07 Jan Marching in Solidarity Against Anti-Semitism
The recent rise of anti-Semitic attacks in the New York area prompted Jewish organizations last week to organize a solidarity march under the banner “No Hate. No Fear.” The march was organized by UJA Federation of New York, along with the Jewish Community Relations Council of New York, Anti-Defamation League-New York, American Jewish Committee-New York, and the New York Board of Rabbis.
Thousands came out in the brisk cold to protest anti-semitism, gathering in Lower Manhattan before crossing the Brooklyn Bridge and coming together for a rally in Brookyln’s Camden Plaza.
The march did not just attract local Jews but also non-Jewish allies who wanted to lend their voices to the cause and take a stance against anti-Semitism. And hundreds came in Jewish delegations from New Jersey, Connecticut, Cleveland, Boston, Central Massachusetts, Washington, D.C., Montreal, and Toronto to attend the march and rally in New York. The Jewish Agency for Israel’s New York employees, regional Shlichim (Israeli emissaries), and local supporters joined the showing of solidarity, too.
Leaders from the organizing groups and community leaders, both Jewish and non-Jewish, spoke at the Camden Plaza rally.
“We come here on a historic first Sunday of the new decade to make a statement that any attack, any violent attack, against a visibly Orthodox Jew is an attack against all Jews, is an attack against all New Yorkers, and is an attack of all people of goodwill everywhere,” said UJA-Federation of New York CEO Eric Goldstein. “We say no to hate and we say no to fear.”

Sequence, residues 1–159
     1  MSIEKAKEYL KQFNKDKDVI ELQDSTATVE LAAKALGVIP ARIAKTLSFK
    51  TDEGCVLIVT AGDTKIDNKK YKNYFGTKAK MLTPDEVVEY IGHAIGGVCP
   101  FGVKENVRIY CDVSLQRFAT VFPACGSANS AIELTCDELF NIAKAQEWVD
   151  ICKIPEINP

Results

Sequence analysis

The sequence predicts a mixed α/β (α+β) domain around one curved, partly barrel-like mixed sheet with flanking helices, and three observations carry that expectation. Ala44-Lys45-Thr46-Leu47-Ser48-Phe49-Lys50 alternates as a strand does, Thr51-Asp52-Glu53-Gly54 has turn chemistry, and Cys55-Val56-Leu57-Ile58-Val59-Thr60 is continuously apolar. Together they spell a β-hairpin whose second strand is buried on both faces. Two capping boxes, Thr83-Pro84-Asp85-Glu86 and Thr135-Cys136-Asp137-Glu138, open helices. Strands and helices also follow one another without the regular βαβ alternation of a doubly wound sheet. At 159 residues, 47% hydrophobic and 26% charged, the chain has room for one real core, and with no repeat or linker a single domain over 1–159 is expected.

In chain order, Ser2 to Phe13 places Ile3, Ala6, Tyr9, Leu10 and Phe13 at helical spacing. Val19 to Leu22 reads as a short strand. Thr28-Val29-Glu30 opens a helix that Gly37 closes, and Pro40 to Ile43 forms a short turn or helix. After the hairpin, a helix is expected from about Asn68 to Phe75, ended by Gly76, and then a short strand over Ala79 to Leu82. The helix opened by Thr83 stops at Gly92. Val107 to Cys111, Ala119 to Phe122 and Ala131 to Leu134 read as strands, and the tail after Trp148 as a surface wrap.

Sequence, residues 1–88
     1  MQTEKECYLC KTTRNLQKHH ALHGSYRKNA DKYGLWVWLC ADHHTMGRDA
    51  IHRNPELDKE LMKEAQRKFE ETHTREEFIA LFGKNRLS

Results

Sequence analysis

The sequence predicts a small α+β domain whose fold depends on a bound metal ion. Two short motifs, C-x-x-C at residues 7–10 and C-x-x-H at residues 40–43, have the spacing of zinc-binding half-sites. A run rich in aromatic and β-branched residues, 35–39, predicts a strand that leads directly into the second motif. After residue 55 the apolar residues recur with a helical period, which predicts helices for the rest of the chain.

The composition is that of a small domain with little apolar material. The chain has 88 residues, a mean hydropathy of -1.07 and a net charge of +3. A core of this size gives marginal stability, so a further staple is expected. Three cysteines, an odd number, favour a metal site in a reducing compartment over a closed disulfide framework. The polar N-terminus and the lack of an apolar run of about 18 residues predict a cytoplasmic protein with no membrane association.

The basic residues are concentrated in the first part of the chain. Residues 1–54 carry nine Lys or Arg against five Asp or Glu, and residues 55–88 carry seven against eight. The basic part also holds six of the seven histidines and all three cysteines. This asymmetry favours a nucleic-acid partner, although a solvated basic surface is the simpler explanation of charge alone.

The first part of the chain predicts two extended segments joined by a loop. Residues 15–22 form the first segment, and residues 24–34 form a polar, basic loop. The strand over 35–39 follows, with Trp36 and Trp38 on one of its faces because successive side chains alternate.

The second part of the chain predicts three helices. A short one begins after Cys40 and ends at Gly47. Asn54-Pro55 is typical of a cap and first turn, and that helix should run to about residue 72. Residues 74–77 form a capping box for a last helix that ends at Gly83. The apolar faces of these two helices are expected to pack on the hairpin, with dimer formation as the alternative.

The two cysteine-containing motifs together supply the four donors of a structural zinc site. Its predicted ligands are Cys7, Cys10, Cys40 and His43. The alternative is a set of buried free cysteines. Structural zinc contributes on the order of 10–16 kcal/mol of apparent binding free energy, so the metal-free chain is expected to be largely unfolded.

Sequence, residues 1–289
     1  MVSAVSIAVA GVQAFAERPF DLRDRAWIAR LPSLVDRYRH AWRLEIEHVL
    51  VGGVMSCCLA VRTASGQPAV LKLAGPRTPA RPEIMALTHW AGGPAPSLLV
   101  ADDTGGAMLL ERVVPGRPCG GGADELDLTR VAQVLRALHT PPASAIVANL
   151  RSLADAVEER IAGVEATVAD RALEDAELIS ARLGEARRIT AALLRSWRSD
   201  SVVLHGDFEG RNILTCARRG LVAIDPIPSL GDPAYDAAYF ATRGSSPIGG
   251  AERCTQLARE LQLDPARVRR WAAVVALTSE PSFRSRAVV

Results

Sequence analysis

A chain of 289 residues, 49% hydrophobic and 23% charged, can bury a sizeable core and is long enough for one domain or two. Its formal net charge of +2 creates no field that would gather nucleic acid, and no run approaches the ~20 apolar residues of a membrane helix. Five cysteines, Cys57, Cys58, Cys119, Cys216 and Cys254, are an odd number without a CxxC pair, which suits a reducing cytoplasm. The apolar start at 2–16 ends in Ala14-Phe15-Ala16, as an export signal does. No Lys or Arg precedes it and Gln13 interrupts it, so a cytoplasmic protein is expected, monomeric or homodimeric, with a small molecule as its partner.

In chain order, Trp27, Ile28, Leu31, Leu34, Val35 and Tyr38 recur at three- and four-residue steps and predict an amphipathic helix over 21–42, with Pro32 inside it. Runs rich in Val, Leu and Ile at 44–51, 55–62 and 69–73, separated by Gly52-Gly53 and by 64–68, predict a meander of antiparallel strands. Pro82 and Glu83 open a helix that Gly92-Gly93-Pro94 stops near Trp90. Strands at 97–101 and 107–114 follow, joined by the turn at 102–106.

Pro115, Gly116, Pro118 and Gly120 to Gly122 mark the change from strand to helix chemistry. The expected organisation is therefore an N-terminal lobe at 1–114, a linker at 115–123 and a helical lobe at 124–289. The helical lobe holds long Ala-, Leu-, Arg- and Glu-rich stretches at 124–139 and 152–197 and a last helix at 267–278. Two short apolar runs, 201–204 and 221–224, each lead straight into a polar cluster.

In concert with the New York march, The Jewish Agency organized and publicized a parallel rally in Jerusalem in their headquarters’ courtyard. The Jerusalem solidarity rally drew hundreds who gathered to send a clear message of support to U.S. Jews, particularly after the most recent anti-Semitic attacks in Monsey and Jersey City.
In addition to those larger recent attacks, New York and New Jersey Jews have been experiencing frequent smaller anti-Semitic incidents. Regional Jews, especially those who are easily identifiable as Jewish such as the ultra-Orthodox, have been harassed and assaulted in public and while using public transportation.
“Thousands are marching in New York, Jews and non-Jews alike, from a deep sense of both outrage and responsibility in the face of the horrific venom that has recently reared its head – hatred of Jews in the United States,” said Jewish Agency Chairman Isaac Herzog in a speech to rally participants in Israel. “Jews are no longer as safe on the streets of the US as they were over the past hundreds of years. We are here in Jerusalem standing together with them in solidarity declaring: No fear! No hate!”